On the heels of Tuesday’s announcement that gas prices will climb 14 cents next week, the Hawai’i Legislature opened a conference committee Wednesday to discuss House Bill 3115, an outright repeal of the gas cap law proposed by the House of Representatives.
“We’re kind of taking a step back to work on transparency,” Rep. Hermina Morita (D-Kaua’i) said. “We’re hoping a watchdog approach to the market will help benefit the consumer.”
Rep. Morita is one of four House co-chairs on the 10-member committee.
In the interest of transparency in the oil industry, the committee is also proposing several changes to the Public Utilities Commission’s petroleum monitoring program. Most of the changes deal with a more frequent and open flow of information to prevent unfair profiteering and illegal pricing practices.
“One of the problems we’ve encountered is to know exactly who the players are and the appropriate margins,” Morita said.
Despite the action, Morita did lay the blame in only one place.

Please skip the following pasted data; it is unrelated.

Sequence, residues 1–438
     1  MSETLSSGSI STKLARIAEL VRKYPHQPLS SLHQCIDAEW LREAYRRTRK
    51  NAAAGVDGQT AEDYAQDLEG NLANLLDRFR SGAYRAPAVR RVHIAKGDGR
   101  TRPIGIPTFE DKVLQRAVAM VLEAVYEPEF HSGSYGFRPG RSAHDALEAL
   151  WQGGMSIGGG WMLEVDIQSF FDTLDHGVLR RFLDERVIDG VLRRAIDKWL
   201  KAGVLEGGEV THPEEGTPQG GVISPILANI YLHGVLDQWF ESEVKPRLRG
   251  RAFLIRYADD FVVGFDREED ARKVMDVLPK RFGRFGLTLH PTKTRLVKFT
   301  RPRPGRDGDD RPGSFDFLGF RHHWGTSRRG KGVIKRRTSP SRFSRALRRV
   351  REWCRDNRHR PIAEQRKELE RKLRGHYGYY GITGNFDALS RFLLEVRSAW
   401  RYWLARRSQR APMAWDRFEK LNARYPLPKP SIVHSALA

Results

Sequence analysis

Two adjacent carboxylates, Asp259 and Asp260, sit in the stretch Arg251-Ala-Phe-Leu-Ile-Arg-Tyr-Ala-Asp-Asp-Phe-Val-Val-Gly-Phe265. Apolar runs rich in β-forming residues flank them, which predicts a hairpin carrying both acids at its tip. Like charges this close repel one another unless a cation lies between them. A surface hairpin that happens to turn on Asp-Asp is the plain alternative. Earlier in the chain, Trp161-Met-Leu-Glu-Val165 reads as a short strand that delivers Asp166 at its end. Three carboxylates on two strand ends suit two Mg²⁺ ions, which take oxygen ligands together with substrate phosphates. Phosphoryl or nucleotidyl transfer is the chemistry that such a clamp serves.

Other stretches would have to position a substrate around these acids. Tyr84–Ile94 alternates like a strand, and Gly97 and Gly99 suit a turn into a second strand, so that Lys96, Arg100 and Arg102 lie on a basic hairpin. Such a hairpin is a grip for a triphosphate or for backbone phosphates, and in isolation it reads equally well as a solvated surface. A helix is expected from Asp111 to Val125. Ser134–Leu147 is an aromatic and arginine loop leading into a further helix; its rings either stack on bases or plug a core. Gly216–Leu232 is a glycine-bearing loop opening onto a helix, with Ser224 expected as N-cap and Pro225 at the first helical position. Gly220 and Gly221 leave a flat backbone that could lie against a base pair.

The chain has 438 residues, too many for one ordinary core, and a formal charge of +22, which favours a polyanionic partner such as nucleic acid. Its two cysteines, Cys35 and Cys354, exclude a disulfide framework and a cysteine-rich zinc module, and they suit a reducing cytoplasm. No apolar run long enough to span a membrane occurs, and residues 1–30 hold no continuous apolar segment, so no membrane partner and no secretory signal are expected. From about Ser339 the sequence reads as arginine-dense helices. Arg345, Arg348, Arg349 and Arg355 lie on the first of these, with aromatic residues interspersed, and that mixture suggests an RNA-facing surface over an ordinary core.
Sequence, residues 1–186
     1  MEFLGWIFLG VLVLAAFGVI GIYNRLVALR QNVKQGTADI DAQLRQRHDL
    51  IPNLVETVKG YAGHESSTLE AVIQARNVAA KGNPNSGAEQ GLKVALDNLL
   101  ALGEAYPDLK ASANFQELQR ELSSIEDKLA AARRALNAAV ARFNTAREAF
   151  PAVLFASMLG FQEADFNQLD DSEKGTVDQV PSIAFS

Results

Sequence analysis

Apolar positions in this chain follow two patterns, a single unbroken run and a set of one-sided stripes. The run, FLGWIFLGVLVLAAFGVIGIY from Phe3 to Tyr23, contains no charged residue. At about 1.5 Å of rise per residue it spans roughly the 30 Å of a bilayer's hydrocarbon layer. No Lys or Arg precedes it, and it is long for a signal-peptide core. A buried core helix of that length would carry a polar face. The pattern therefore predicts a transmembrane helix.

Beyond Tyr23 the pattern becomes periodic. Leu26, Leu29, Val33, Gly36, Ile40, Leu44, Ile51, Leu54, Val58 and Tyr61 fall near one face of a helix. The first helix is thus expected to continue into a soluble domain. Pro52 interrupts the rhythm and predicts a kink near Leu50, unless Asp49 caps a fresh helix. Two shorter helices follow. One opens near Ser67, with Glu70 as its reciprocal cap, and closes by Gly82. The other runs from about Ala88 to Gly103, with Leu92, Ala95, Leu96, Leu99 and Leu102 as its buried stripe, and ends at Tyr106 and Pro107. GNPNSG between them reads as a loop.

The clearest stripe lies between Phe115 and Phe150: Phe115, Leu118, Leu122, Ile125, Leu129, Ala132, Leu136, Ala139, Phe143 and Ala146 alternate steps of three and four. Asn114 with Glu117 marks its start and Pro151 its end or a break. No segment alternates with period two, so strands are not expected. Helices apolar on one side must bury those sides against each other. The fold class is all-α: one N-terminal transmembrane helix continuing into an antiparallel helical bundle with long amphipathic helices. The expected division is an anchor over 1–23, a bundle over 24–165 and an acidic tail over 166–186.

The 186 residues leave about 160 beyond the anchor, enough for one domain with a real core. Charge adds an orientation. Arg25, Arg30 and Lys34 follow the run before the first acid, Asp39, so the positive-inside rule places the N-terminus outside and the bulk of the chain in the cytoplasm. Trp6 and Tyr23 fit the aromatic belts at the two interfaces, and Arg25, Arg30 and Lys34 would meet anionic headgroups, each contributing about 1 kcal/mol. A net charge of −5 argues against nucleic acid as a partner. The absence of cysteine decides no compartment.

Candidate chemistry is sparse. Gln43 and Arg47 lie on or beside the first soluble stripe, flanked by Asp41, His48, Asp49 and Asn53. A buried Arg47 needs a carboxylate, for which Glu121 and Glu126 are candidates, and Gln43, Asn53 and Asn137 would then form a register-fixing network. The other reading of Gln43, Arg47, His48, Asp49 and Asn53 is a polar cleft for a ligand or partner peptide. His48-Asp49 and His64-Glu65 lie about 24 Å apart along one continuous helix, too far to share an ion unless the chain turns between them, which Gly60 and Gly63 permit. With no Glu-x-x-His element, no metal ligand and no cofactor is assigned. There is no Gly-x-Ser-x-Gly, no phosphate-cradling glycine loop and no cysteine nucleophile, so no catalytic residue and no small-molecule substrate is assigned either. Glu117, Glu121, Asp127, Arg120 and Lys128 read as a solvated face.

“People have to understand oil prices are sky high,” she said. “You’ve got to look at the supply side and the geopolitical side. You can’ t just blame the gas cap.”
In the end, however, committee members thought the system could not continue as is.
“If you’re going to regulate, you need the proper information,” Morita said.
The conferees are expected to discuss their differences on the gas cap law throughout the week.
Monday will mark the third significant increase in gas prices in as many weeks. Since April 10, gas prices have creased 41 cents.
Regular unleaded gasoline on Kauai should reach $3.55 per gallon next week.